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Young emperor penguins need better protection

Scientists and European research institutions are calling for better protections for juvenile emperor penguins. This comes as the U.S. considers listing them under the Endangered Species Act and the Commission for the Conservation of Antarctic Marine Living Resources (CCAMLR) considers expanding Marine Protected Areas (MPAs) in the Southern Ocean. 

Juvenile emperor penguins are more vulnerable than adults as they have not fully developed foraging and predator avoidance skills. As climate change reduces sea-ice habitat, greatly expanded MPAs are crucial to protect this threatened penguin species at every life stage.

The study tracked eight penguins with satellite tags over a year. Results showed that the young birds spend about 90 percent of their time outside of current and proposed MPAs. They were also found to travel over 1,200 kilometers (745 miles) beyond the species range. 

“While everyone is looking at the adult population, the juvenile population – which leaves the relative safety of its parents at about five months – is neither monitored nor protected,” said Dan Zitterbart, an associate scientist at the Woods Hole Oceanographic Institution

“The current and proposed MPAs in the Southern Ocean only include the range of adult emperor penguins, which do not travel as far as juveniles. From a conservation perspective, it’s important to know where these juveniles go. It’s one more piece of the puzzle to protect their marine habitat.”

Protection of juveniles is critical as emperor penguins have low fertility rates. Without protecting juveniles, the population of breeding adults would be threatened. 

The researchers are now conducting a long-term monitoring study of the Atka Bay emperor penguin colony on the Weddell Sea. The Weddell Sea is home to one-third of established emperor penguin colonies. Colonies in this region are less vulnerable to climate-induced melting than other areas of the Antarctic.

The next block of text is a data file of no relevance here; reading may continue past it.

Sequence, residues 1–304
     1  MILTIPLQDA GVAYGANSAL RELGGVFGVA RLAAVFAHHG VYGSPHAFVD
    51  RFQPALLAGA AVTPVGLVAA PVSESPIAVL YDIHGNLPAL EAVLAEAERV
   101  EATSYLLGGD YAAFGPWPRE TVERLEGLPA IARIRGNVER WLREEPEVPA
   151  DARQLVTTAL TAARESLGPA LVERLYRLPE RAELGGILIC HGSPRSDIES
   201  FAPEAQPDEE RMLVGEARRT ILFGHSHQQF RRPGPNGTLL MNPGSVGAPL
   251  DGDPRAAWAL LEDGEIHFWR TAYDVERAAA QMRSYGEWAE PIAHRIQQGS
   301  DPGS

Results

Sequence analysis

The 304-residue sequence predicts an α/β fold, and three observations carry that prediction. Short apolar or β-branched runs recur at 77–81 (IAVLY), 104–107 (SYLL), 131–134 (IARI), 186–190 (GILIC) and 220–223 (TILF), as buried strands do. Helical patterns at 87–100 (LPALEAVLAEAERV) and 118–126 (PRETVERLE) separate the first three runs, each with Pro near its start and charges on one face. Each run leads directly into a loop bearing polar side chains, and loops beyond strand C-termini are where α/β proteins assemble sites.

“Some of the Weddell Sea colonies are expected to still be present 50 to 100 years from now,” said study lead author Aymeric Houstin. “It’s important to preserve colonies that will be able to endure climate change, as they could become a refuge for the entire population of emperor penguins.”

The establishment of three new MPAs has been considered in the Weddell Sea. While this would preserve one of the most pristine ecosystems in the world and a critical zone for global ocean circulation, the authors say that the boundaries are inadequate to protect juvenile emperor penguins.

“The Weddell Sea MPA design, as the other MPAs around Antarctica, should include the distribution at sea of all age-classes of the emperor penguin population – not only the adults from a few study colonies,” said Céline Le Bohec, of CNRS/Université de Strasbourg France and the Centre Scientifique de Monaco. “Juveniles are currently clearly lacking protection and their presence in the Northern waters needs to be considered in the future, especially regarding the development of fisheries in those regions.”

The researchers plan to continue tagging both adult and juvenile penguins from the Atka Bay colony to track their movements and behavior as the environment changes. Long term data could help develop a “dynamic MPA” with shifting boundaries based on the predicted movement of penguins. 

A dynamic network of MPAs could be essential, as is maintaining dialogue with the fishing industry to ensure sustainable resource management to preserve these unique and sensitive polar regions. 

By Katherine Bucko, Staff Writer

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